Fall is upon us with the schizophrenic weather and temperature changes that embody autumn in Colorado Springs. One day you freeze, the next you get sunburnt. Like the unpredictable fall weather, red ales keep things interesting with their variety.

The style is not terribly well-defined and, as the name suggests, has a lot to do with the color of the beer. Red ales are darker than pale ales but lighter than brown ales. The character of the style tends to be malty, but reds can have a strong hop profile as well. Red ales range from light ambers, good for the sunny weather, to dark imperial reds, good for the cold and rain. Not only are reds a great style of beer to become familiar with in the fall, but lighter reds are also very approachable for people who might be intimidated by craft brews.

The lightest beer I tried was the Session Fest, a red lager brewed by Full Sail Brewing Company in Hood River, Oregon.

Strictly speaking, a red lager is very different from a red ale. Lagers are brewed at lower temperatures with bottom fermenting yeast, while ales are brewed at higher temperatures with top fermenting yeast. Because ale yeasts tend to be more aggressive, ales usually have a stronger body and flavor than lagers. For example, beers bought in 30-racks tend to be lagers, while craft brews tend to be ales, though there are some excellent craft lagers.

Fest is part of Full Sail’s Session line. There is also a regular Session lager and a black Session lager. Session comes in little 11-ounce medicine bottles with a rock, paper or scissors under the cap. In a general sense, a Session beer is a beer that is easy to drink a lot of. It’s a bit too easy to put back Full Sail’s 11-ounce bottles.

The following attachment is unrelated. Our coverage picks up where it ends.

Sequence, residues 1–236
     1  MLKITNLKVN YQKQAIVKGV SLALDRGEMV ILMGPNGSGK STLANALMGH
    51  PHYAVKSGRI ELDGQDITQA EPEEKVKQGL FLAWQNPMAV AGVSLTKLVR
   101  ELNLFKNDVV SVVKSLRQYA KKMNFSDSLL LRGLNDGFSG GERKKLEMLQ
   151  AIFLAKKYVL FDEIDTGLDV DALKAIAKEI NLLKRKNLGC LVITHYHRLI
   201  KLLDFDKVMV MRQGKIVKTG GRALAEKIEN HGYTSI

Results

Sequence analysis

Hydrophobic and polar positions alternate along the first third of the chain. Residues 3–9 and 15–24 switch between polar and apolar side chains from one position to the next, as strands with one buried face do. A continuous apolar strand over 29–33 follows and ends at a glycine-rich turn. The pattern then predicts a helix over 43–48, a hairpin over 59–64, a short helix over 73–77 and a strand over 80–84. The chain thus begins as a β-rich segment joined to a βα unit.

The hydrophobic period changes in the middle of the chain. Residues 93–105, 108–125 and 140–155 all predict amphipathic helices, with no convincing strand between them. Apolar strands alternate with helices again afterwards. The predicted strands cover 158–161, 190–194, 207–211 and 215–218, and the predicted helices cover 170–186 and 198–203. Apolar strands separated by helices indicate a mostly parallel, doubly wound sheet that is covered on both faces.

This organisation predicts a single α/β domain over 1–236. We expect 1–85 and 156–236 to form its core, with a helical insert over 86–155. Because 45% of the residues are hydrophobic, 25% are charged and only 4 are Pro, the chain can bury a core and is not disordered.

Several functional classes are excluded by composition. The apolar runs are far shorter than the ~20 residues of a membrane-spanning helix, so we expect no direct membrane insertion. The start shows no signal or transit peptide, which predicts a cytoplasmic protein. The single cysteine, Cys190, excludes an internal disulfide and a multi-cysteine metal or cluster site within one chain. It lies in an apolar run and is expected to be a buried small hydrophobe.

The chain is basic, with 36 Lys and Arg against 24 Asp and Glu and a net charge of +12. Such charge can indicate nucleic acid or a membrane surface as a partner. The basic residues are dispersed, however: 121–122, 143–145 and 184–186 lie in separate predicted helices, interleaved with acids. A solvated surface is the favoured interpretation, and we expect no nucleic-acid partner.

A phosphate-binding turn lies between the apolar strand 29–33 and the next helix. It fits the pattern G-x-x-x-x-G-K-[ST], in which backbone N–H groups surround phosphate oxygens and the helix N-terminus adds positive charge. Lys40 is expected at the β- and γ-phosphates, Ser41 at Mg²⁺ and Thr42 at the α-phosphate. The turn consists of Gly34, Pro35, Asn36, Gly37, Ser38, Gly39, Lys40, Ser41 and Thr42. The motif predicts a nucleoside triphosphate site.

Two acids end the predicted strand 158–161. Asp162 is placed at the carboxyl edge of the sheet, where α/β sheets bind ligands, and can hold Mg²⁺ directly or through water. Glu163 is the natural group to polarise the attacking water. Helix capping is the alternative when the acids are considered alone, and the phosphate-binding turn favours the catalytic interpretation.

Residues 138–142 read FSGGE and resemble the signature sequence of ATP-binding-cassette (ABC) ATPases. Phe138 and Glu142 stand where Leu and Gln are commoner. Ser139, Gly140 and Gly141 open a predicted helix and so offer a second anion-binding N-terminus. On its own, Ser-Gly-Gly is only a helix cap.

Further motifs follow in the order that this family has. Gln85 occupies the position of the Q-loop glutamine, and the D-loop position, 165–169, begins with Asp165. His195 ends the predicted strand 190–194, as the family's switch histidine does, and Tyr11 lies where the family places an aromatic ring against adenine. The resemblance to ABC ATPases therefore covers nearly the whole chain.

Anyway, terminology aside, Fest is a really good beer. It pours a true red with almost no head, the foam at the top of the glass. Similar to the other reds I tasted, it has a sugary malt body that is present initially. The body is big for a lager, but light compared to many red ales. The overall taste is not too complex and the beer finishes with some hop bitterness. What really makes this beer unique is that it is not at all filling and it’s cheap. Only $11 for a 12-pack. Overall, this is a good beer, especially if you are planning on drinking it all night.

A step up from Fest is Levity Amber Ale, brewed by Odell Brewing Company in Fort Collins, Colorado. Simply put, Levity is excellent. It is my favorite amber ale and an excellent example of the lighter end of red ales.

Levity pours with little head and a color so light it could almost be mistaken for a pale ale. One taste, however, and it reveals itself as an amber.

The drinker is immediately confronted with a characteristic amber malt body: sugary sweet and warm. The initial malt taste is balanced by a refreshing, slightly bitter hop flavor. The overall taste is bittersweet, warm, a bit spicy and perfect. The aftertaste is tart and leaves you wanting another sip. To top it all off, this beer isn’t heavy on the stomach, which makes it easy to overindulge.

When my friends who aren’t beer snobs ask me to pick them out a nice six-pack, this is my go-to.

Hanson Smith

BrewHaha writer

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